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The anomalies of the surging Glaciers of Karakoram

Scientists from Centre for Glaciology, Wadia Institute of Himalayan Geology, Dehradun, Wilfrid Laurier University, Waterloo, Canada, Chhattisgarh Council of Science and Technology, Raipur and  National Centre for Antarctic and Ocean Research, Goa studying the surge-type glaciers in Karakoram have noticed irregular behaviour among some of the glaciers in Karakoram. They have now carried out a comprehensive study to try and answer some of the anomalies.

Glaciers are persistent bodies of dense ice, forming the largest reservoir of fresh water on Earth. Mostly confined to the polar regions of our planet, pockets of glaciers are also found in the Andes, Rocky Mountains, parts of East Africa, and more locally in the Himalayas. Glaciers, much like other bodies of fresh water, flow, but at an incredibly slow pace compared to their liquid counterparts, sometimes moving only around 3 feet per day.

Surging is phenomenon where a glacier flows at a much higher pace, compared to normal and can persist for a few month or even several years. Glaciers exhibiting periodic surges are usually referred to as surge-type glaciers. The Karakoram mountain range spanning India, China and Pakistan is home to the highest concentration of surge-type glaciers. The glaciers here are known for irregular ice movement with little or no synchrony to neighboring, similar ice masses. Although surging has been attributed to internal conditions of the individual glaciers, the reasons for these irregularities and anomalies as well the exact cause for the surges are yet to be understood.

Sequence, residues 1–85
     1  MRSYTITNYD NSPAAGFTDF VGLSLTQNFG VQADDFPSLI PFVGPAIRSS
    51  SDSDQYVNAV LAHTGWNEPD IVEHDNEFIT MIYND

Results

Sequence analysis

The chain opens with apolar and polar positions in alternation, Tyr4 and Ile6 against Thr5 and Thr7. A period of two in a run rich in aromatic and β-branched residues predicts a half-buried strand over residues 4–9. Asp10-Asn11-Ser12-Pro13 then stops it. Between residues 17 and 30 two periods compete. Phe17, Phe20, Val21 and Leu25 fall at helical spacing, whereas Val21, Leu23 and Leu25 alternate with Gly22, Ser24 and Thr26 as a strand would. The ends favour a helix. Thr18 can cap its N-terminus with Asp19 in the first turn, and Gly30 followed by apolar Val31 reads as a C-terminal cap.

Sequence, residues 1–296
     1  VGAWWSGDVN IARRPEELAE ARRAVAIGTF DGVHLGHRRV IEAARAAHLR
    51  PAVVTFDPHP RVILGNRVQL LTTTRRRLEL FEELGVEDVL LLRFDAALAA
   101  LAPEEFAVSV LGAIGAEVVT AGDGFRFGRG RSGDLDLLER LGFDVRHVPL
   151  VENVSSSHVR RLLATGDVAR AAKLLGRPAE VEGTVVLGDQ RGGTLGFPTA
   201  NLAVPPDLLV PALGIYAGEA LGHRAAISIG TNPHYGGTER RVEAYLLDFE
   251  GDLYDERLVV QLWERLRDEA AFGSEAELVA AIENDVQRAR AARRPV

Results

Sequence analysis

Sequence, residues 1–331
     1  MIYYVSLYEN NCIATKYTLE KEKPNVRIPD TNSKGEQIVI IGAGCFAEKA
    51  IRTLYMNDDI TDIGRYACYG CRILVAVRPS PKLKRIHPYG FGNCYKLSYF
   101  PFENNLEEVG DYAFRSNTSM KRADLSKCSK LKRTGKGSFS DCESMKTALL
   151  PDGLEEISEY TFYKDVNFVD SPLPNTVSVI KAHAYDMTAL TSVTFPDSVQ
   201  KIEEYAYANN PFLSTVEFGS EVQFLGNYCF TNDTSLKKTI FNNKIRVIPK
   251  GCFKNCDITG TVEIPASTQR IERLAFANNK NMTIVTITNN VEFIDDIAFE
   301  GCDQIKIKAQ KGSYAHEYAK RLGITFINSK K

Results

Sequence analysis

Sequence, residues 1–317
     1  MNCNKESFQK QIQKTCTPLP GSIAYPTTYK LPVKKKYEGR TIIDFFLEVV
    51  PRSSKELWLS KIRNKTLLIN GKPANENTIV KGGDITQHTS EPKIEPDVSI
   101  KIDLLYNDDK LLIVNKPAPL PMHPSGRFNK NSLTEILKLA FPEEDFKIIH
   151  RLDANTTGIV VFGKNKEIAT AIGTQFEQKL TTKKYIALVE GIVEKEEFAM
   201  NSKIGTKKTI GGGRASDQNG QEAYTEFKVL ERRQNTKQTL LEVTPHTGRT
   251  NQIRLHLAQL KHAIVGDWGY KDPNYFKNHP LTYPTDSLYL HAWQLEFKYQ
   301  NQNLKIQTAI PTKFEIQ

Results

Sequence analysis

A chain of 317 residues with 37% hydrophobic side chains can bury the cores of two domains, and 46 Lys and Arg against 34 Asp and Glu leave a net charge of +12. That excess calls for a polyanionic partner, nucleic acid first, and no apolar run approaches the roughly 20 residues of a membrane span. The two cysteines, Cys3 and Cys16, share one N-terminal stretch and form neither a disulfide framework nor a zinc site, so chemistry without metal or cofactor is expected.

In their study, the scientists from NCAOR conducting a comprehensive mapping of the surge-type glaciers and the impact due to surges based on satellite imagery (Landsat and ASTER), ground observations and archival material since 1840s. The study identified 221 surge-type glaciers in the region covering a total of 43% of the glaciers in the Karakoram region.

The scientists studied different factors and parameters of the surge-type glaciers. According to the authors of the paper “ Surge intervals are identified for 27 glaciers with two or more surges, including 9 not previously reported. Mini-surges and kinematic waves are documented and surface diagnostic features indicative of surging”.

Apart from these the study also found that surge-cycle timing, intervals and mass transfers are unique to each glacier, with the climate playing no role in influencing these parameters.

“Our study increases known numbers and diversity of surge events, and surge-related features. It includes some 100 surge-type glaciers not previously reported, and refines current knowledge of their distribution and movement characteristics” remark the researchers about the study. With the data from this study, the phenomenon of surging can be better understood.

Update (8 Feb 2018):  “National Centre for Antarctic and Ocean Research (NCAOR), Goa” was changed to “Centre for Glaciology, Wadia Institute of Himalayan Geology, Dehradun, Wilfrid Laurier University, Waterloo, Canada, Chhattisgarh Council of Science and Technology, Raipur and  National Centre for Antarctic and Ocean Research, Goa” as it was brought to our notice that the study was a collaborative effort. The error is regretted